Is Brown Rice Hazardous to Our Health?

Dear Beth,

I read an article recently that mentioned arsenic can appear in foods that are made from brown rice.  It stated that for the most part, it is a low amount and not harmful.  My question is – how does this affect people with celiac who consume more products made from brown rice than the average person?

Dear Reader,

That’s a great question, especially since gluten-free folks eat so much rice.  I don’t believe we’ve ever addressed this topic here.   In doing some research for you and our readers, here’s what I found.

In March, researchers at Dartmouth College reported that they found high levels of arsenic in rice. The primary concern was organic brown rice used primarily in baby food and energy bars.  The baby food product had arsenic concentrations six times the federal limit of 10 parts per billion for arsenic in drinking water.  Cereal bars that contained rice products like brown rice syrup and rice flour had arsenic levels ranging from 23 to 128 parts per billion, according to the researchers who tested the products.  The problem with baby food is that toddlers are growing quickly no one knows how arsenic might affect their development.

The problem with energy bars is that there may be three or four different rice products in it – the brown rice syrup, rice flour, and so on – and those foods seem to have more arsenic in them. It wasn’t concentrated so much as there’s just more rice in them.

Surprisingly, there are no federal limits for the amount of arsenic that’s acceptable in food. So it’s impossible to know if eating arsenic at these levels is a problem.  “For people who occasionally eat cereal bars, I don’t see a problem,” says Brian Jackson, the analytical chemist who led the study, which was published in Environmental Health Perspectives.   “But for the toddler formula, until we know what a safe arsenic concentration is, I’d recommend discontinuing that formula,” Jackson said.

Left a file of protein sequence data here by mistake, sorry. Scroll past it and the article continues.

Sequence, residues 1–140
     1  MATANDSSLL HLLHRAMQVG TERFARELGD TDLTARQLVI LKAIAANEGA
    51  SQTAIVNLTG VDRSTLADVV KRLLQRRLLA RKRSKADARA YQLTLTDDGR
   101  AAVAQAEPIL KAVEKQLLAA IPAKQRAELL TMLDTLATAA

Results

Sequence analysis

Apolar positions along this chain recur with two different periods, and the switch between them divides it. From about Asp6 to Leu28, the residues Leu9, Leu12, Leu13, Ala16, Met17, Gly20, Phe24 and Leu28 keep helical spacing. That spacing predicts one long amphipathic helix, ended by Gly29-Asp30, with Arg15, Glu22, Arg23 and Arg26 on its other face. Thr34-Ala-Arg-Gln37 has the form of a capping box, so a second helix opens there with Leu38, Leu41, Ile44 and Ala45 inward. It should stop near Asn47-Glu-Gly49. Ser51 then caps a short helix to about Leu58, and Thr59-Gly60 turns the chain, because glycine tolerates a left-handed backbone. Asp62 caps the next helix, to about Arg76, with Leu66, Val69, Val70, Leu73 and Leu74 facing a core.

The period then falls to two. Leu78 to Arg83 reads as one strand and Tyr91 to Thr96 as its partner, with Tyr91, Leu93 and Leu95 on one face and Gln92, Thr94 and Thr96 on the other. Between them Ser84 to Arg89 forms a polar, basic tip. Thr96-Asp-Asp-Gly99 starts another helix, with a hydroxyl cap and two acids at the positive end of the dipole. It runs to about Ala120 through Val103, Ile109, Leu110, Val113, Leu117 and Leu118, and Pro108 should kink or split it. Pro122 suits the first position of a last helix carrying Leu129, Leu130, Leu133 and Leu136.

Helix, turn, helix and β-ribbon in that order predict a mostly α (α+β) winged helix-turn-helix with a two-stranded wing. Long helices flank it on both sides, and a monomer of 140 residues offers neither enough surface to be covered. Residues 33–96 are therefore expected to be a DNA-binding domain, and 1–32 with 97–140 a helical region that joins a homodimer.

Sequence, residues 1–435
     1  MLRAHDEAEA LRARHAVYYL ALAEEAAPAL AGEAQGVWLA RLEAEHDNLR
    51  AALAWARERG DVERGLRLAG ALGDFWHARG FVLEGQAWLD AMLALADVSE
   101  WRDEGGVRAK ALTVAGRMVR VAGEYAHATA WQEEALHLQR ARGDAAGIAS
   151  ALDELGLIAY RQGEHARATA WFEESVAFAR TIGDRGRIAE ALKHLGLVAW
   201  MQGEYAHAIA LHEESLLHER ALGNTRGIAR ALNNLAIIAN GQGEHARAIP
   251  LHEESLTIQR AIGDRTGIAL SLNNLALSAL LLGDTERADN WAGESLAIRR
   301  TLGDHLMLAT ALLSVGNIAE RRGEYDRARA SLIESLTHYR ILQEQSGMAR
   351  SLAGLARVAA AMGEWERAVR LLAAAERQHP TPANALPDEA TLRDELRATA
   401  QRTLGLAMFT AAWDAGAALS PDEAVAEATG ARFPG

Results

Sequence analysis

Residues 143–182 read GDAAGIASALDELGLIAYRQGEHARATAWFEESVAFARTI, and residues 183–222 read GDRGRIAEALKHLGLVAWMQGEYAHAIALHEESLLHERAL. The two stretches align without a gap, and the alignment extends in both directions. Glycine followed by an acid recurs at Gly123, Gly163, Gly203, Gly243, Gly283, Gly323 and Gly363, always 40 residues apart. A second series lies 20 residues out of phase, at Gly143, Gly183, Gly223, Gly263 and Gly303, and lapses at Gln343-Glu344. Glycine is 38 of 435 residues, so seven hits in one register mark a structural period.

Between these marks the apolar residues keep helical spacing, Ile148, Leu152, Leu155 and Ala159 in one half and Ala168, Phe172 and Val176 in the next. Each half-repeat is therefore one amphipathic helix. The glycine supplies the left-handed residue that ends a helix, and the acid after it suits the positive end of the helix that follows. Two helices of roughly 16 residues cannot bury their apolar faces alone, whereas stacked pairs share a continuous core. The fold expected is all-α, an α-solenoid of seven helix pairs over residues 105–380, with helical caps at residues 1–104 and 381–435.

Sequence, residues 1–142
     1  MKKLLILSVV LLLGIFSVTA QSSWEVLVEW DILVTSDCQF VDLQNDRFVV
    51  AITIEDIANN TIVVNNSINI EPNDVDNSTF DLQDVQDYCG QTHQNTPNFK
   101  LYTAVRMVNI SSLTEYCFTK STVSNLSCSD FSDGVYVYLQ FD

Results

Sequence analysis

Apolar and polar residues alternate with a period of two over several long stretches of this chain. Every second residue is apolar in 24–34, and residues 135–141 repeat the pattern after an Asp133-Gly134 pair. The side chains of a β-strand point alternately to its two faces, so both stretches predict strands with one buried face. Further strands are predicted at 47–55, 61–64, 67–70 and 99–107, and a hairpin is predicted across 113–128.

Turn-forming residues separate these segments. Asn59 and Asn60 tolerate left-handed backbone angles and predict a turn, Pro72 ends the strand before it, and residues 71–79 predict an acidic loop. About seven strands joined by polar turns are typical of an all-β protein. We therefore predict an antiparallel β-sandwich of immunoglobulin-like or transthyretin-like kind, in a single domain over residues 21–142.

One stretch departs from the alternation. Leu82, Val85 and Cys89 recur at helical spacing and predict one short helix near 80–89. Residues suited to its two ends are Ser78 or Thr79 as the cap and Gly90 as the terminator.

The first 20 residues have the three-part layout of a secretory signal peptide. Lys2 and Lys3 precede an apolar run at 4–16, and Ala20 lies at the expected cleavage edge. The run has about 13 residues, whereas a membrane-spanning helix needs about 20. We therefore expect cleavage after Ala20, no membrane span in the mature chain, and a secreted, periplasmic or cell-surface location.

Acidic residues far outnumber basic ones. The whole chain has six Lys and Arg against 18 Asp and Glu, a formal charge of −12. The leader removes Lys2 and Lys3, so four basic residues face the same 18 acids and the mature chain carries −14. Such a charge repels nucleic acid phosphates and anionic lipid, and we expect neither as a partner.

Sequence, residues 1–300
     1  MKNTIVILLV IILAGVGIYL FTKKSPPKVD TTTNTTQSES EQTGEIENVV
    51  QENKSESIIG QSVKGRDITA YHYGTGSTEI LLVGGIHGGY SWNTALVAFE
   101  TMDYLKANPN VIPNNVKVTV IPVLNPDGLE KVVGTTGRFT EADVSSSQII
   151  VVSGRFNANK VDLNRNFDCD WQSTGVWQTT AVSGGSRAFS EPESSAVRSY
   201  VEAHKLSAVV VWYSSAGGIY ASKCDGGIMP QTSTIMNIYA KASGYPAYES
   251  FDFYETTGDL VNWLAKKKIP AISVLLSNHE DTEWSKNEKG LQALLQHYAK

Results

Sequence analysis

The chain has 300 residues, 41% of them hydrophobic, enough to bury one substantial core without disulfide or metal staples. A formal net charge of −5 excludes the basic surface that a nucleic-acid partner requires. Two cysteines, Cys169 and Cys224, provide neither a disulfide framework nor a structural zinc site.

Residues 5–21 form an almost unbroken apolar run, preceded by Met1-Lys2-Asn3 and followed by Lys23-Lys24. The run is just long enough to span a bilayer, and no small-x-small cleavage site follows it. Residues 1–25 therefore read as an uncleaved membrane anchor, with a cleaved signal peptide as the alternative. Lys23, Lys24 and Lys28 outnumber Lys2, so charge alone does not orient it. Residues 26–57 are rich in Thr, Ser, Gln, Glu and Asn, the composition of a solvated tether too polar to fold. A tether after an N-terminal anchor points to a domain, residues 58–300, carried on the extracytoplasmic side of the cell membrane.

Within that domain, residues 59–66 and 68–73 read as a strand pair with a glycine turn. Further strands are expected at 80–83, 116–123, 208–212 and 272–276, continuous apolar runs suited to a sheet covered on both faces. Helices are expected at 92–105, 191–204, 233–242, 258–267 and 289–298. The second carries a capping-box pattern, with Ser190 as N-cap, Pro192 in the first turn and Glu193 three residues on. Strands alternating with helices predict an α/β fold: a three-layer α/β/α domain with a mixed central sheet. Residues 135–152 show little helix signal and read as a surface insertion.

The scientists say they are not terrified, but cautious.  They advise consumers to steer away from some of the foods that might have four or five different rice ingredients. And, for folks who eat a lot of rice, like those on a gluten-free diet, they say it’s okay to eat rice. But just vary your diet.  They also say that there is possibly a slightly higher amount of arsenic in brown rice than in white rice, probably due to the fact that the outside layer is still on it.  In addition, arsenic levels vary greatly depending on where and when rice is grown, and there’s, as of yet, no measure of what types of rice are more likely to have low levels.

So why is arsenic in rice?  The plant apparently has an affinity for arsenic, a toxic element that occurs naturally in soil and groundwater. “It turns out that rice needs to take up silica,” Jackson explained, “and in paddy conditions, arsenic is chemically very similar to silica.”

Arsenic in drinking water has been studied for a long time; it’s a big problem in Bangladesh, and also can be an issue in the United States. Arsenic also shows up in apple and grape juice, according to tests conducted by Consumer Reports.

Currently the FDA is sampling rice around the United States and doing a study as a result of those tests.  In coming months, hopefully, they will establish a food safety standard for arsenic in food.  Meanwhile, based on this research, it might be wise to limit the amount of brown rice we consume.